As we know already NSAIDs such as aspirin can cause gastrointestinal side effects due to their activity of blocking COX-1. However, paracetamol does not cause any unwanted gastrointestinal effects, as it does not act on COX-1 and COX-2; this also explains why they have an inability of anti-inflammatory action. The reason for this is unknown but recent research carried out has shown that there is also a COX-3 cyclooxygenase enzyme located in the spinal cord and the brain which is distinct to both the known enzymes COX-1 and COX-2 cyclooxygenase. Paracetamol selectively inhibits the COX-3 enzyme; which reduces fever and relieves pain but at the same time avoids any unwanted gastrointestinal side effects.

Non-steroidal anti-inflammatory drugs (NSAIDs) are a category of medicines which are utilized to ease: inflammation, stiffness, mild to moderate pain and fever. Their anti-inflammatory action is equal to that of aspirin; they have antipyretic, analgesic and platelet-inhibitory effects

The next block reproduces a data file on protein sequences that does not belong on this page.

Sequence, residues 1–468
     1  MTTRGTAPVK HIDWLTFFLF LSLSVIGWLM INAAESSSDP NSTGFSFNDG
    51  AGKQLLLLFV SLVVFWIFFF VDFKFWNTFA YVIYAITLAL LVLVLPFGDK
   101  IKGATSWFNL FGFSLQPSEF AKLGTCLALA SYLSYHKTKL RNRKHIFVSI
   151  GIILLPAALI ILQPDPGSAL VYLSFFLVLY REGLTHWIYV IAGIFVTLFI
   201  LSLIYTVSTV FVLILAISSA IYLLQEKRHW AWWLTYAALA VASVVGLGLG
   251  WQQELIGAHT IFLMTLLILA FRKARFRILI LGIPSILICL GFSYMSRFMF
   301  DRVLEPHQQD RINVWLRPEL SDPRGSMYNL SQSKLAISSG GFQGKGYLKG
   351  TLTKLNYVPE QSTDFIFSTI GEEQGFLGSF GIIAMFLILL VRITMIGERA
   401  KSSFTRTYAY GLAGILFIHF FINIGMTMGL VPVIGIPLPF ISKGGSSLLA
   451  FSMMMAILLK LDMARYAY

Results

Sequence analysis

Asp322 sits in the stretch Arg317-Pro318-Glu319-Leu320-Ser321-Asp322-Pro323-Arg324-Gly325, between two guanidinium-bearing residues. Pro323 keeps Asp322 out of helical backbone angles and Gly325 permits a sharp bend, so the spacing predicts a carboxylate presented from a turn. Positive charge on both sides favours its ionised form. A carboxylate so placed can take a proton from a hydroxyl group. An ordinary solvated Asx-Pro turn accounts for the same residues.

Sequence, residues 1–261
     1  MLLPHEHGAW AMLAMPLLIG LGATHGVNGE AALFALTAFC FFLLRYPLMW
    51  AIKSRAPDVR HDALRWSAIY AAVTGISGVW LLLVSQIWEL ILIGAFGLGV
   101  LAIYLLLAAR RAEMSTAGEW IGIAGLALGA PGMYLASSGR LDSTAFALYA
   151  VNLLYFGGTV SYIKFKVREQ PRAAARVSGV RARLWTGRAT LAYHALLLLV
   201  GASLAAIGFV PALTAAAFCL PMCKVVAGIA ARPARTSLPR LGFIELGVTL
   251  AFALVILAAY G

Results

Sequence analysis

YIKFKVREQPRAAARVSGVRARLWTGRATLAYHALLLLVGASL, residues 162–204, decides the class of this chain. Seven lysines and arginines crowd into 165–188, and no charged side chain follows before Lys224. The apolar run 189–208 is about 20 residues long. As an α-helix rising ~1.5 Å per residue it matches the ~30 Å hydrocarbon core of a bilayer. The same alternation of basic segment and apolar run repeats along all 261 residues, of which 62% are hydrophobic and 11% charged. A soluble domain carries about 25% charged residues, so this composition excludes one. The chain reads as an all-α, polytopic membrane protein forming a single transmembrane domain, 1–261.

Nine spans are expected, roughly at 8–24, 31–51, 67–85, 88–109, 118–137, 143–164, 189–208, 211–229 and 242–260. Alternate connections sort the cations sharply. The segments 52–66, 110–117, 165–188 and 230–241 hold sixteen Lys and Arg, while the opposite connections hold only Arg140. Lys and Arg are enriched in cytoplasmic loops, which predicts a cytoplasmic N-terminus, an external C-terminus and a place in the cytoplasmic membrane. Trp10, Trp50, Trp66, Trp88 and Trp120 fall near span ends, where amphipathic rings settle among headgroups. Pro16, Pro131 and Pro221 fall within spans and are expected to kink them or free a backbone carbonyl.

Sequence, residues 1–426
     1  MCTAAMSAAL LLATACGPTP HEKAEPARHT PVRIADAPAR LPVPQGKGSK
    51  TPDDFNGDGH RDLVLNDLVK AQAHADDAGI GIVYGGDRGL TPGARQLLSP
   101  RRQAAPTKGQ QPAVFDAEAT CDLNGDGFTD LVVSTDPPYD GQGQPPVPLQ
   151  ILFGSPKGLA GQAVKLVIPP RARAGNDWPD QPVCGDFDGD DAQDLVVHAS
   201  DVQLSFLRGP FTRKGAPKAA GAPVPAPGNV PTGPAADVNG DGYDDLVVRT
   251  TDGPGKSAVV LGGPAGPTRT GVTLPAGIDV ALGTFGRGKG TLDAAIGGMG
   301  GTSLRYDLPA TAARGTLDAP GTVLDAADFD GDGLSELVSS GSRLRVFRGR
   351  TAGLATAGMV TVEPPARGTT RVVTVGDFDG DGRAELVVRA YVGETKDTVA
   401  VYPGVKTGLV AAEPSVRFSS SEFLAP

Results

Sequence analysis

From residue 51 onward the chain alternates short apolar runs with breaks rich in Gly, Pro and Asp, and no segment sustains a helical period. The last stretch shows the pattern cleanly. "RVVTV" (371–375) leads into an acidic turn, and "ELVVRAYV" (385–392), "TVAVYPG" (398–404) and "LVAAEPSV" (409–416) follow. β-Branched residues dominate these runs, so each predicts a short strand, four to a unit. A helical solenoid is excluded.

The difference to that of aspirin is that the effects on platelet aggregation are temporary by NSAIDs. All NSAIDs are not permitted for identical functions. A series of different medical conditions that cause pain are also treated using NSAIDs. They can be found in both generic and brand-name versions and are obtained via prescription or non-prescription strengths. Hormones called prostaglandins which are the cause of pain and inflammation are thought to be inhibited by NSAIDs. NSAIDs can be used alongside other medications used to treat sinus, flu and many common cold products. These can be used to help with sinus problems, fever and flu symptoms or aches and pains.